Clear Talk on Student Debt with Ann C. Logue

I know someone who explained the current student debt "crisis" to me. I figured I'd share her with the world.

June 15, 2012

Ann Logue is a freelance writer and a lecturer in finance at University of Illinois at Chicago. and consulting analyst who is fascinated by business and technology. She is the author of "Emerging Markets for Dummies" (Wiley 2011), “Socially Responsible Investing for Dummies” (Wiley 2009), “Day Trading for Dummies” (Wiley, 2007), and “Hedge Funds for Dummies” (Wiley, 2006). She holds a B.A. from Northwestern University, an M.B.A. from the University of Chicago, and the Chartered Financial Analyst designation.

Ann and I happen to be old friends from my Chicago days, and I know her as someone who can cut through the student loan “crisis” clutter so I’m better informed on the current state of college costs and how students are paying for them. It seemed like our chat might be worth sharing with others.


John Warner: Here’s a broad, probably unanswerable question that I’m going to ask anyway, given today’s costs and the overall economic climate, is college, “worth it?”

Ann C. Logue: Yes, college is worth it, for most people who attend and graduate. College graduates have fared better in the recession than people with only a high-school diploma. We have a flexible, changing economy, and the standard American college education teaches people how to think and communicate so that they can change along with the world. And there is something to be said for "the life of the mind" and the enrichment that comes with education.

There are exceptions, though. There are people who are not finding a college education to be valuable, and that number may grow as the price of college (with tuition plus interest) grows.


JW: Are you worried about people losing access to college?

ACL: Yes, I am. The costs of college are rising, and budget cuts in K-12 mean that preparation levels may decline. Public universities are losing state subsidies, and they have been the most accessible parts of the higher education system. We have a political climate that says that all taxes and all government spending are bad, unless of course we're talking about Social Security, Medicare, or defense spending. This is changing the nature of public education. It would be nice to say that taxpayers should do more, but they won't do it, so the burden is on the institutions and the students.


JW: At your blog you’ve been writing a whole series of posts about paying for college, including one on “good debt” v. “bad debt.” What’s the difference?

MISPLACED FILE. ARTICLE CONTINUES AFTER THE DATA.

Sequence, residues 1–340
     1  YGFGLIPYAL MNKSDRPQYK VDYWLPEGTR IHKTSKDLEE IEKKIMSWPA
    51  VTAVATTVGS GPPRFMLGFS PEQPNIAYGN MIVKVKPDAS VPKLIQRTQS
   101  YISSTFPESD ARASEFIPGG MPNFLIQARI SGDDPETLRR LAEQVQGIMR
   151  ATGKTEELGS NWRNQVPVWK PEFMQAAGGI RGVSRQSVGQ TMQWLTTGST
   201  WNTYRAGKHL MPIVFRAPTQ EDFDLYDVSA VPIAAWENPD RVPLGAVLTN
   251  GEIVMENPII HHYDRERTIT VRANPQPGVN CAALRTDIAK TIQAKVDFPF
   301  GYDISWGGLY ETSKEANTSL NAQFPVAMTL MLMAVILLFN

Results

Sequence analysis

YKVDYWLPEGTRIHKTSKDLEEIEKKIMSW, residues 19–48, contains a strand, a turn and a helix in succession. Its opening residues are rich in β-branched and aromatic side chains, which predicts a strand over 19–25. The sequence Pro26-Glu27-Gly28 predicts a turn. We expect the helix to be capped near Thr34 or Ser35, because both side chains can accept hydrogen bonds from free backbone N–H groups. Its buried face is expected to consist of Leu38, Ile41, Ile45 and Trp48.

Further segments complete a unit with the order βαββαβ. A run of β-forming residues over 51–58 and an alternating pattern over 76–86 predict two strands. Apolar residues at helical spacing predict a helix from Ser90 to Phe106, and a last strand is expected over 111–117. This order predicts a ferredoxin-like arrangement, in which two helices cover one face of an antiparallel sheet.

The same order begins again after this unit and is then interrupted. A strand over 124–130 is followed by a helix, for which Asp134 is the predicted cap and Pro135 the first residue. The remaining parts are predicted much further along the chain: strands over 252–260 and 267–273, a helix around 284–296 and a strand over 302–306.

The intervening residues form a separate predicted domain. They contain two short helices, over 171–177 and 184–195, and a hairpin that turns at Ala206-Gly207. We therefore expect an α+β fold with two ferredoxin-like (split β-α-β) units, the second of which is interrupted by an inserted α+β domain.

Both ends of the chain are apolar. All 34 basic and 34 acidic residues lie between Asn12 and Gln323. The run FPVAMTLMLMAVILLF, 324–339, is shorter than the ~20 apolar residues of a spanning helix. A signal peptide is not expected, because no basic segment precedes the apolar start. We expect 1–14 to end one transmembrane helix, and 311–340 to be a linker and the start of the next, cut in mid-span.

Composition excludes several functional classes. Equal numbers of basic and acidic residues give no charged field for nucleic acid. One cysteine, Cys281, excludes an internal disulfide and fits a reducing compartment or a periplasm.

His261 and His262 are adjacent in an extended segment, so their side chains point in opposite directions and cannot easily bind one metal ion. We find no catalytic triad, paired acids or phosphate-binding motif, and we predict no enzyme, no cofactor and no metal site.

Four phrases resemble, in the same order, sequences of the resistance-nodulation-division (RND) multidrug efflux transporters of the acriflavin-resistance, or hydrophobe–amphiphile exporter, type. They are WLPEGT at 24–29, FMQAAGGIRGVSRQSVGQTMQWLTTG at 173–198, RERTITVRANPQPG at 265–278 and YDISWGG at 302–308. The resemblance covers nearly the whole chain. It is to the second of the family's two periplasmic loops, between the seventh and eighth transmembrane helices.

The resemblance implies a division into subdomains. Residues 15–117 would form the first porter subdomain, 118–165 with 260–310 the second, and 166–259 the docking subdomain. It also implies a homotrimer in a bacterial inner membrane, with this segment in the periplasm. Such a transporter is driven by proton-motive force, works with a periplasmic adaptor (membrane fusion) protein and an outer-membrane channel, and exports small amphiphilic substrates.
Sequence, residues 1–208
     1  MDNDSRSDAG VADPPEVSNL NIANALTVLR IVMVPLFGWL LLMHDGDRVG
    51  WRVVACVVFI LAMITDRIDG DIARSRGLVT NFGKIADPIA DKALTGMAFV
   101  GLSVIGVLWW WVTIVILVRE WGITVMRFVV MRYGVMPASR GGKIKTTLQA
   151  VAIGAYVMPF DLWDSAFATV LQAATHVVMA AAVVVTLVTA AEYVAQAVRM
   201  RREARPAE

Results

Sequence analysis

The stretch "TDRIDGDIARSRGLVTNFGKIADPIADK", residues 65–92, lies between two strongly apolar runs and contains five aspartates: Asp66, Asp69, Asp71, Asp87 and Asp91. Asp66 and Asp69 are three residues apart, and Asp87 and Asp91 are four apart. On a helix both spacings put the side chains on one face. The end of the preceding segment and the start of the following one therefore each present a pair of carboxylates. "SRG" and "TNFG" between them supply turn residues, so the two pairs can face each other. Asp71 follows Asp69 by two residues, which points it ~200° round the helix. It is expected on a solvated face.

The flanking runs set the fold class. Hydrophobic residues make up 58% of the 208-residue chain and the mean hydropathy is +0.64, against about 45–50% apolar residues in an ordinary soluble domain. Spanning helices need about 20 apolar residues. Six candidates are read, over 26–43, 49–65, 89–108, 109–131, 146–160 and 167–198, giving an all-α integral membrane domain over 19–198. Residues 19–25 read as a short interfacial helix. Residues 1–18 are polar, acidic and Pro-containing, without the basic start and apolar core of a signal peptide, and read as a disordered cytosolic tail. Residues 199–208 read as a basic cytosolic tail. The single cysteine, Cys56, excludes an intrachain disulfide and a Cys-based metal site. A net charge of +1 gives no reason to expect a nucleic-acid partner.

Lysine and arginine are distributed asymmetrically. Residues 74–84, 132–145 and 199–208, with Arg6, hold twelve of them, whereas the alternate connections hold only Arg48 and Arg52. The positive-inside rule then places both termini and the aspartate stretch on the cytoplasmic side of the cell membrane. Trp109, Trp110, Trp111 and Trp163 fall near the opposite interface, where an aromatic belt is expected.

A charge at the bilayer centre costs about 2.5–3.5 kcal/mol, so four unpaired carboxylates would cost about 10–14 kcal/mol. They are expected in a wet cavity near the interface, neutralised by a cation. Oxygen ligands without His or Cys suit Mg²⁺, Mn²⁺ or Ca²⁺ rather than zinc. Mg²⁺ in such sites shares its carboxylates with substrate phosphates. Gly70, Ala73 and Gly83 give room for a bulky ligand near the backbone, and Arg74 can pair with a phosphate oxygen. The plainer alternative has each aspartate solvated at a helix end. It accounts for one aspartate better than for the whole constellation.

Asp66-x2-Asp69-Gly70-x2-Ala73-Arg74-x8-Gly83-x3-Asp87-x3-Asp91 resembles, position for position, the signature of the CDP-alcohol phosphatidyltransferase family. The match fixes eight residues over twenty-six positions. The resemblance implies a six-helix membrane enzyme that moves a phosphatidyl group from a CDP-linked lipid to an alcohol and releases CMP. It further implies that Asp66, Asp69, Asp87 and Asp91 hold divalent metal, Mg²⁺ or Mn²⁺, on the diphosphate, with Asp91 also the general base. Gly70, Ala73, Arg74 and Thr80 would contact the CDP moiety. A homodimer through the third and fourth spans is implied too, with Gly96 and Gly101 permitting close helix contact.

ACL: That's a post I did with Laura Laing, who has a book and a blog called "Math for Grownups." (http://www.mathforgrownups.com/). We were discussing the payoff from borrowing for certain types of expeditures, such as student loans. To an economist, debt is good if it allows you to buy something now with future benefits that are greater than the cost of the debt. College debt is usually in this category, as is home mortgage debt. These debts don't pay off in all cases, though, and people need to understand that before they borrow too much money – or before they let their kids borrow too much.


JW: Do we have an overall student debt “crisis?”

ACL: There isn't an overall crisis, but there is a crisis in certain sectors and for certain people. I'd say that law students, medical students, and for-profit college students have the greatest issues right now. Law firms have cut way back on hiring in the recession, so that no longer looks like a stable, high-paying field. However, many people borrowed money for law school assuming that it was a good investment. Likewise, it is difficult to pay off medical student debt on a primary-care physician's salary, so few people go into primary care fields. If you have debt, better to be a cardiologist than a geriatrician! The default problems with too many for-profit colleges are leaving vulnerable students behind, and it is leading to higher interest rates for everyone else.

Law students didn't seem like a crisis category until this recession. If the economy continues to muddle along, more types of students may find themselves in tough situation.


JW: You also have some opinions on whether or not parents should pay for college.

ACL: Yes, I do. I think that an education is one of the greatest gifts that a parent can give a child, and it is an investment in your family's future. If you children go to college, your grandchildren will be better off if their parents divorce, for example. Education has a multigenerational payoff. I believe that parents should pay for it to the extent that they are able.

I sometimes hear parents say that their children will take classes more seriously if they pay for it themselves, but that is not a realistic line. The minimum wage has risen far more slowly than college tuition. A high-school graduate can't make enough to cover full-time tuition expenses. If you have the funds but will not spend them, then you are screwing your kid.